Lest we dismiss as preposterous Korach's assertion that the nation is “kulam kedoshim” and all should have an opportunity to serve as kohen, we need only remind ourselves of Hashem’s words, “V’atem tehiyu li mamleches kohanim v’goy kadosh,” charging us with to become a nation of kohanim and a holy people. The question is not what gave rise to Korach’s claim, but why indeed was he wrong.
Moshe’s challenged Korach, “U’bikashtem gam kehunah?” -- Do you, Korach, also dare desire serving as kohen as well? Given Korach’s mindset, it is hard, writes the Shem m’Shmuel, to understand why Moshe’s challenge would give him pause. Given his claim of supposed holiness, Korach might feel that in fact there is no one more deserving of the position of kohen than himself.
The Shem m'Shmuel explains that the position of kohen demands being “kadosh,” but not in the way Korach imagined. “Kadosh” means separate. The kohen was kadosh not because he separated from the people, but rather because he separated himself from his own base instincts and desires, including the desire for position and privilige. Aharon did not desire the role of kohen, but had it thrust upon him. He did not hold himself above and seperate from the people, but mingled among them, trying to mend broken relationships and trying to make peace where quarrels broke out.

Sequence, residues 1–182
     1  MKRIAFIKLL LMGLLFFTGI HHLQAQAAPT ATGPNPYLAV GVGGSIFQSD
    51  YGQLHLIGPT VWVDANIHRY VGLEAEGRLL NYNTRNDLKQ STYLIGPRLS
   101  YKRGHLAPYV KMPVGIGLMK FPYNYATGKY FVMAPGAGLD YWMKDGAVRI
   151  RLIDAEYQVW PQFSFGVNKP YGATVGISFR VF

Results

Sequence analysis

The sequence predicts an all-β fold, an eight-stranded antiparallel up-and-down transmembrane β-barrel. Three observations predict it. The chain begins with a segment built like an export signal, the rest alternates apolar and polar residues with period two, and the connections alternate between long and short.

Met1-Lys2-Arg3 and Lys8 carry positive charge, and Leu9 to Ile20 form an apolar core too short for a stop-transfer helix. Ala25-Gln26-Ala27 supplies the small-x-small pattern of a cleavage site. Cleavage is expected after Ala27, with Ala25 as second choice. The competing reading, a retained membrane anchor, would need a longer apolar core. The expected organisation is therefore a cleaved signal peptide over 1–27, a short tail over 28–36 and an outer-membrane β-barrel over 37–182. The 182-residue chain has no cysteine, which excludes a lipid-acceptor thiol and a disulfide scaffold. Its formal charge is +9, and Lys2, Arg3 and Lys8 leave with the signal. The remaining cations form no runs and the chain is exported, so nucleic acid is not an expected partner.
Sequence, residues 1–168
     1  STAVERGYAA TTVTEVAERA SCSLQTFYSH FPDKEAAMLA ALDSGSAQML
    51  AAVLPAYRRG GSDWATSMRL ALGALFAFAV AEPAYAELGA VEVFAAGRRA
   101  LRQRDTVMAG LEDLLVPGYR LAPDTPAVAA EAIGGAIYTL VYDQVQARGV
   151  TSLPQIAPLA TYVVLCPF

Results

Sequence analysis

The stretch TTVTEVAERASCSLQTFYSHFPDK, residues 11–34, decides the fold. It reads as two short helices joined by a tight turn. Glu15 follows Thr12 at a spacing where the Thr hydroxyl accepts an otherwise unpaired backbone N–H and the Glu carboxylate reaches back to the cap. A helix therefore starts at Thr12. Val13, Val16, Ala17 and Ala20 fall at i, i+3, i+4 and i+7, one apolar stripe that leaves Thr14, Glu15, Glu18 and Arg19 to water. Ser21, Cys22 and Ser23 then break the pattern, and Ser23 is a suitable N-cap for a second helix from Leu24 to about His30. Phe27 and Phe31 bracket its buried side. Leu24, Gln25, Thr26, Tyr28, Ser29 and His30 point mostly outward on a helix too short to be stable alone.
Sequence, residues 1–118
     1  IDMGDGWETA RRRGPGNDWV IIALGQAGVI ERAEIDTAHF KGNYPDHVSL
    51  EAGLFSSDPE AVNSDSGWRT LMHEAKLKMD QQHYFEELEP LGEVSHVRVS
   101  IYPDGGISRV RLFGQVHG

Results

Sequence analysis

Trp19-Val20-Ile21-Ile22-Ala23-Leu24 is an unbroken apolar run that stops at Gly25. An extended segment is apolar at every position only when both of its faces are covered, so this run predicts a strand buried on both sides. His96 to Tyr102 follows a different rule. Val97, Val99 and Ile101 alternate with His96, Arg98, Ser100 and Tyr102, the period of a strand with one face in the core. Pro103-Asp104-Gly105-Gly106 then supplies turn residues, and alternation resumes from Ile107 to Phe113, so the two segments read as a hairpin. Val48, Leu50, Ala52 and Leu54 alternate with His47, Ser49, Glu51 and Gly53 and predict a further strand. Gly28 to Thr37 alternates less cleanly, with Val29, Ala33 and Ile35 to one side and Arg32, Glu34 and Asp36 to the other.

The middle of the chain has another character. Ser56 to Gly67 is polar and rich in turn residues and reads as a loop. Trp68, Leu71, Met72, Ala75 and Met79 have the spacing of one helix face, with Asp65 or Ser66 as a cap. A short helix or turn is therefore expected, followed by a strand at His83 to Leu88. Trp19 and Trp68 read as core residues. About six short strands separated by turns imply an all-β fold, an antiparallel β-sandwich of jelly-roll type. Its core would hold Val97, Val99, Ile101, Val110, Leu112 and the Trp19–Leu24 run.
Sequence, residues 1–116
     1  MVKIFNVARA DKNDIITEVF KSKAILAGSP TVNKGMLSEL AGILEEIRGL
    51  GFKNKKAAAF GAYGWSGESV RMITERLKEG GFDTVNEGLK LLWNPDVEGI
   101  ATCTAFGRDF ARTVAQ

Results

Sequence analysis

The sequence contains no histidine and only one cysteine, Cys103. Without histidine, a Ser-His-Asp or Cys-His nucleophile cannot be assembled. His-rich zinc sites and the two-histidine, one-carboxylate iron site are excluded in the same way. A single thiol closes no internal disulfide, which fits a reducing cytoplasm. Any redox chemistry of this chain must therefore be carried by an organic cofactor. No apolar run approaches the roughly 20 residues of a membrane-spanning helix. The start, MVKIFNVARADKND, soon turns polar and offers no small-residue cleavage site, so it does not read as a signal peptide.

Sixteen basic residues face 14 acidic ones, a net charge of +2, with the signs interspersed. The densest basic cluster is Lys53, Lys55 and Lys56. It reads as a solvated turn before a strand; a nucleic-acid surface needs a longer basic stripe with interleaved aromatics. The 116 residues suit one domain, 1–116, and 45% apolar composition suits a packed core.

Moshe’s argument to Korach was that the very notion of “u’bikashtem,” desire for the position, is antithetical to the role of a kohen. A person who is convinced of his own self righteousness to the extent that he sees only himself as deserving is someone who has not succeeded in separating himself from desire enough to deserve the role that he aspires to.
Rashi comments on “V’asu li mikdash” that the word “li” means “lismi,” for my [Hashem’s] sake. The difference between Hashem’s charge and Korach’s claim is that while Korach was motivated by his desire to serve, Hashem demands, “V’atem tehiyu li mamleches kohanim v’goy kadosh,” that our becoming a nation of kohanim and kedoshim be purely “li,” for his sake alone.